not. It’s just not the American way.
it is true that Americans pay more out-of-pocket for prescription drugs than
citizens in other developed countries. Other nations use government cost controls and aggressive cost containment
strategies to regulate prescription drug costs. Historically, the US Congress has deliberately and consistently refused to
regulate prescription drug pricing directly.
American pharmaceutical industry often has been accused of gouging consumers
and profiteering. Its investor return on equity is usually much higher than
other industries. And prescription drug pricing differentials have always been difficult to
understand, whether at the local pharmacy or within similar hospitals in the
drug development costs and prescription drug consumer pricing structures are
complex and not transparent. The complexity makes it difficult to explain
simply and rationally to policy makers and consumers; and the lack of
transparency and little government oversight does not engender trust that is a
key factor in improving the industry’s public image. Maybe it’s time for our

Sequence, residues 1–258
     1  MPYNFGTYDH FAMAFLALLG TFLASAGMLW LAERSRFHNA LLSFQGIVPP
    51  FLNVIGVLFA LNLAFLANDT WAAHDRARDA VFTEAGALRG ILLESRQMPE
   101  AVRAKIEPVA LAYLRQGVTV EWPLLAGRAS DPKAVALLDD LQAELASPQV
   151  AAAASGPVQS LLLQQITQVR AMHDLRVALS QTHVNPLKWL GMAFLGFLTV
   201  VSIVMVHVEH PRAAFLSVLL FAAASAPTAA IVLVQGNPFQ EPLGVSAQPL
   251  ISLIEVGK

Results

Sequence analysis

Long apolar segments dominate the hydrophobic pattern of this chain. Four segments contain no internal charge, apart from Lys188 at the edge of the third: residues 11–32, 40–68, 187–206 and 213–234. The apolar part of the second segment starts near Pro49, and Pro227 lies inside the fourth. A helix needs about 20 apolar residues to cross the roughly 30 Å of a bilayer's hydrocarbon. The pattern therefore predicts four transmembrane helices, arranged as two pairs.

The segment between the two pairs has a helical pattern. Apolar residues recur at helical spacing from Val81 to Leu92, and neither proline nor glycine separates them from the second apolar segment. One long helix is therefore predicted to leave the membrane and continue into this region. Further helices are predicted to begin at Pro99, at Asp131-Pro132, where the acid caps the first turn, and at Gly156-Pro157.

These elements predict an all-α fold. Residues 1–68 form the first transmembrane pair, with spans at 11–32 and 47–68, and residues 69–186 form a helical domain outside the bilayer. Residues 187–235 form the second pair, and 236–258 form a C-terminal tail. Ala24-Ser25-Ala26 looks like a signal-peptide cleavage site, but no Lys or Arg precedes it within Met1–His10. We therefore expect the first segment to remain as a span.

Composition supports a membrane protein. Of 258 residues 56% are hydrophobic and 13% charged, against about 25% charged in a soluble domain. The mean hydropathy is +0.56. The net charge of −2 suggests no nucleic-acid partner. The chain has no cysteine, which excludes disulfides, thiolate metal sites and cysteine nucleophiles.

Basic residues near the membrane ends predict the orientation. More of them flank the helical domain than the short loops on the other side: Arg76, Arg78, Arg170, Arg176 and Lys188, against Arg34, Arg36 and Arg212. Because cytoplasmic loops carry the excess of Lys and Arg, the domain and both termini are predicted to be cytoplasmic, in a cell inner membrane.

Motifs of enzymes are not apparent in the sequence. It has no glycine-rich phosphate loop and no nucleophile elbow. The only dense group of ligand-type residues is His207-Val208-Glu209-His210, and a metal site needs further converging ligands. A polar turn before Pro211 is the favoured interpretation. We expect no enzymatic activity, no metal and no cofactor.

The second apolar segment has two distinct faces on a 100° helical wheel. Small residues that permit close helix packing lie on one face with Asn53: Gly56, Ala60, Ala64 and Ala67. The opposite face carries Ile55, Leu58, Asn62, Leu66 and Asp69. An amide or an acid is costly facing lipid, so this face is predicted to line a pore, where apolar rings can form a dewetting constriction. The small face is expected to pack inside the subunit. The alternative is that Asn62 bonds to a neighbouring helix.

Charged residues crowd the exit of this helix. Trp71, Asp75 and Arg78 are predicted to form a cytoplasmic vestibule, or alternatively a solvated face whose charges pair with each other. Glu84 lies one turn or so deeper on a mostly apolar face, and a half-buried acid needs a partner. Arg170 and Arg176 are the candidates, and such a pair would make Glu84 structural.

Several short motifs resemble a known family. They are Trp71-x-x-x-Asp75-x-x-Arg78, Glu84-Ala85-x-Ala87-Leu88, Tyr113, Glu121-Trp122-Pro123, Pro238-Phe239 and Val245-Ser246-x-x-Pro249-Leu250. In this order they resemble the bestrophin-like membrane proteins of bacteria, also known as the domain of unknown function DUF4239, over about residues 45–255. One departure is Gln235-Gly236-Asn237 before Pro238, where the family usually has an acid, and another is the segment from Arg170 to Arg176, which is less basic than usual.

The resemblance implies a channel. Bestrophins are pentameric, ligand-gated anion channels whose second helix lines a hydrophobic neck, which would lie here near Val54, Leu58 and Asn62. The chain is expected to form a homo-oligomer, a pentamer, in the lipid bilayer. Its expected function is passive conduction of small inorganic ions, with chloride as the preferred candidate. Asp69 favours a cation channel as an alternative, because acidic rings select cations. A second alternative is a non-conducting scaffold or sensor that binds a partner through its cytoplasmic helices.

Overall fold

government to experiment with some of the strategies that other nations have
used to rein in prescription drug costs?
might be some good first steps? Perhaps, the Medicaid programs should be
regionalized rather than operated at the state level? Each state Medicaid
program has its own prescription drug formulary? State geographic boundaries
are arbitrary; naturally, regional maps will be arbitrary too. But with
regionalization there is the possibility of efficiencies with standardization.
After all, the Medicare program is one national program and yet allows for
locality differentiation for hospital and medical care costs.
The views, opinions and positions expressed by these authors and blogs are theirs and do not necessarily represent that of the Bioethics Research Library and Kennedy Institute of Ethics or Georgetown University.